Sunday, October 18, 2020

funny colonoscopy stories

It's 1962. USAF Major Frank Borman (later commander of Apollo 8, the first human flight around the Moon) is taking the medical tests attending on his application to become an astronaut, and this includes a colonoscopy:
Mine revealed a polyp the size of a BB shot; they took it out and, although a biopsy showed it to be non-malignant, they insisted on my staying over for additional GI tests.
I got the usual barium enema, followed by a session with some kind of X-ray machine hooked up to a small screen. They laid me on one side and started looking at the feature presentation on the screen.
One doctor exclaimed, "My God, look at that!"
Another said in the tone of a hanging judge, "You've got a mass in your belly, Major - it's a tumor. Very serious. You'll have to go into surgery this afternoon."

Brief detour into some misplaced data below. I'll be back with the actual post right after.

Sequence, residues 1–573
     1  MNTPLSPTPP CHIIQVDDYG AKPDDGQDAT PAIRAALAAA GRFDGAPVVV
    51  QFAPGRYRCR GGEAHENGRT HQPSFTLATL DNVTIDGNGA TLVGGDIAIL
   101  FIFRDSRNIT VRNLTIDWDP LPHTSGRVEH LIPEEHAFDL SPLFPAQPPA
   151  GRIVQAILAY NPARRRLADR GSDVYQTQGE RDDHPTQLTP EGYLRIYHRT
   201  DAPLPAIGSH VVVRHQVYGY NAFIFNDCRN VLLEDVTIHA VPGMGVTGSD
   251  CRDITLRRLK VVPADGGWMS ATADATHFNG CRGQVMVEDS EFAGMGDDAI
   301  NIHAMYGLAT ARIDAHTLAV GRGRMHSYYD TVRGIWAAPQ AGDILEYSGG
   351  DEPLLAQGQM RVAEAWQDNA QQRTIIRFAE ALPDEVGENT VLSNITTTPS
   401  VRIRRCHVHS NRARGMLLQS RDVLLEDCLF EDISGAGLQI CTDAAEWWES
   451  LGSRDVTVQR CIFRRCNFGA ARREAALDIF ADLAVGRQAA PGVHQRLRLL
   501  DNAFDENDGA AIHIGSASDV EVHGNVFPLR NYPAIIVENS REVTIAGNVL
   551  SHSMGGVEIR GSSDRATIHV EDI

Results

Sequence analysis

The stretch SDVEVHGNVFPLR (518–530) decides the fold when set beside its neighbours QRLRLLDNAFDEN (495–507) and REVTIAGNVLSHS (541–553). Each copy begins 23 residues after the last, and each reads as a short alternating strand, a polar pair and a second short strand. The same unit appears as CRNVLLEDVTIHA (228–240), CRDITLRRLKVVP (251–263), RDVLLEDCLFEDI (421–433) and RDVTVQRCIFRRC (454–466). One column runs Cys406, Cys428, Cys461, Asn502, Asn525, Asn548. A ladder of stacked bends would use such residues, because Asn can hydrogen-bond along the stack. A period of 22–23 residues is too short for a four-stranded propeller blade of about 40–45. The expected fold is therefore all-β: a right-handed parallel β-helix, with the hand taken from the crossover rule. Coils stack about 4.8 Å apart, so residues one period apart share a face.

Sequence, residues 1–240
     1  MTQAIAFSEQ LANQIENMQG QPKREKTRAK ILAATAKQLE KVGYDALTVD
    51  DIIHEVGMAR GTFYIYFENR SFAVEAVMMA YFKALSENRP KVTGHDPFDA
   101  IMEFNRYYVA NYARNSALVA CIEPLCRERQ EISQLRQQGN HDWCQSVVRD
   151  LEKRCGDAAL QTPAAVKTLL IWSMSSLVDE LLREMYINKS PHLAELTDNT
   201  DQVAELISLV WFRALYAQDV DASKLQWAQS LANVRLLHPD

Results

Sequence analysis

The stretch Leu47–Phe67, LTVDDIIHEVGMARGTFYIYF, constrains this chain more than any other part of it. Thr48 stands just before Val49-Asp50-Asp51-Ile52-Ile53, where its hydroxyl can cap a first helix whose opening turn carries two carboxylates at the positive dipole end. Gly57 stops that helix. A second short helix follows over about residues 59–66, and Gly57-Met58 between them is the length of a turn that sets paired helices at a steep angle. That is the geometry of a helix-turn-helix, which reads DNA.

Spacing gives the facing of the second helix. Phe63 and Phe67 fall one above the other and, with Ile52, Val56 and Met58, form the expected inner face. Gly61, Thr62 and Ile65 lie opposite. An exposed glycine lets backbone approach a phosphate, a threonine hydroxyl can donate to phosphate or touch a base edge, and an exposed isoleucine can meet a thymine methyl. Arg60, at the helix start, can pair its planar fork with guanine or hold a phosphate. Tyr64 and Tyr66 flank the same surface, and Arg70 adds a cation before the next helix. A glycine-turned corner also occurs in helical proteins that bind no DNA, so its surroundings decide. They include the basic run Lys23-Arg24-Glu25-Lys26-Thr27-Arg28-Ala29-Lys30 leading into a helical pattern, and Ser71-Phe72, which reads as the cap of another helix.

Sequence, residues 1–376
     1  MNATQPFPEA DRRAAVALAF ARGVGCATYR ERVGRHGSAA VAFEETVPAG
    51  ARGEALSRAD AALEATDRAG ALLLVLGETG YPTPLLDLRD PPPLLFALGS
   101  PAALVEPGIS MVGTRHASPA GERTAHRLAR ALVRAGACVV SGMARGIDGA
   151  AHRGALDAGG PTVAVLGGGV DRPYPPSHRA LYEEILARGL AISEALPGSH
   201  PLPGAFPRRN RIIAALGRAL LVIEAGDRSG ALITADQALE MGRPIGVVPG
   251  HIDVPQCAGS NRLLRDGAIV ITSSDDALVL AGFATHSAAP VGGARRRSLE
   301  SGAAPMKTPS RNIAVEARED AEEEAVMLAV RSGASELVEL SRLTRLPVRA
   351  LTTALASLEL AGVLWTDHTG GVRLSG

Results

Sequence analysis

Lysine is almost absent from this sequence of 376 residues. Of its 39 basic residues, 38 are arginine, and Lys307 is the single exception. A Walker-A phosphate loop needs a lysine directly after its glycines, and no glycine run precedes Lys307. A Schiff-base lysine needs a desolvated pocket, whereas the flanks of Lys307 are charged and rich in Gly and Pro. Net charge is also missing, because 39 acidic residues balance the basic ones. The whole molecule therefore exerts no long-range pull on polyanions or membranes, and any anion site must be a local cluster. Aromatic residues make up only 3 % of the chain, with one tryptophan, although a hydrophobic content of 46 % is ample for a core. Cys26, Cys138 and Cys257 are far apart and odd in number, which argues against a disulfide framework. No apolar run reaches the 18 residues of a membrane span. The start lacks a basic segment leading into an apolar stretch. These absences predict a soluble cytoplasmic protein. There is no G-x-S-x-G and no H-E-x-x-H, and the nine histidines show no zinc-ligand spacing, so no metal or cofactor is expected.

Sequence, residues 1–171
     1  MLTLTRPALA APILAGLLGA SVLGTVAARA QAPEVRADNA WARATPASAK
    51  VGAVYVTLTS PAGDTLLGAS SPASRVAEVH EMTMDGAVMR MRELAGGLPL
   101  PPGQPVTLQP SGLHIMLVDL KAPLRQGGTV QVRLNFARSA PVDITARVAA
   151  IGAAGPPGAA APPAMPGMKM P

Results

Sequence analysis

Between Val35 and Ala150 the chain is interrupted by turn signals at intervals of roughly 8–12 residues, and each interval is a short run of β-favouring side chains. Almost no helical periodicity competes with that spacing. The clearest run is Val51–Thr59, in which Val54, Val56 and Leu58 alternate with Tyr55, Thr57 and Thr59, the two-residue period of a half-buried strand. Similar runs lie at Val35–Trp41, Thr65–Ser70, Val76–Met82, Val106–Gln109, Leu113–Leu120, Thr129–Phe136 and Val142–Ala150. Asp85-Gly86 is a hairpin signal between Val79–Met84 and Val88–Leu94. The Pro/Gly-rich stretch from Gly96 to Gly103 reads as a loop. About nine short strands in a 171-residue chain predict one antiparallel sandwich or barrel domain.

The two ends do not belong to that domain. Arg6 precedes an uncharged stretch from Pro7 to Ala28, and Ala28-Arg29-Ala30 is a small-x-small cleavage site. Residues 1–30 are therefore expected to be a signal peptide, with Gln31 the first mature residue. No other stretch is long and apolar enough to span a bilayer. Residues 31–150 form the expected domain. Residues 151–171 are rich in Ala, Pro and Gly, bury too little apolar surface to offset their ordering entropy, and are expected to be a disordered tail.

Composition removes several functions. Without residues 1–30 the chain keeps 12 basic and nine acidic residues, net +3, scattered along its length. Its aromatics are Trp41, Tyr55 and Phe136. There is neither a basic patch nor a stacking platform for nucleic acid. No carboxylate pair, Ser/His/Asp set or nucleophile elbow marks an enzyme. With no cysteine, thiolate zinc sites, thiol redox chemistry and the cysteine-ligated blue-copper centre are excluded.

"You're nuts!" I retorted. "There isn't a damned thing wrong with me."
The four internists clustered around the table clucked disaprovingly at this amateur diagnosis. "Take a look at what's on the screen," the principal voice of doom advised ominously.
I looked and broke into a cold sweat. Sure enough, there was a white mass in my intestines. They were still conferring over the telltale X ray when a radiologist, a Dr. Randall, happened to come in and immediately asked what all the fuss was about. A definite tumor, possibly malignant, he was told. He looked at the screen and shook his head.
"Turn him over," he ordered.
They did. The white mass disappeared. Randall stared unbelievingly at his colleagues, as if they were a quartet of medical students about to flunk out.
"You've been looking at a pool of barium," he murmured.

- Frank Borman, with Robert J. Serling, Countdown: An Autobiography (1988)

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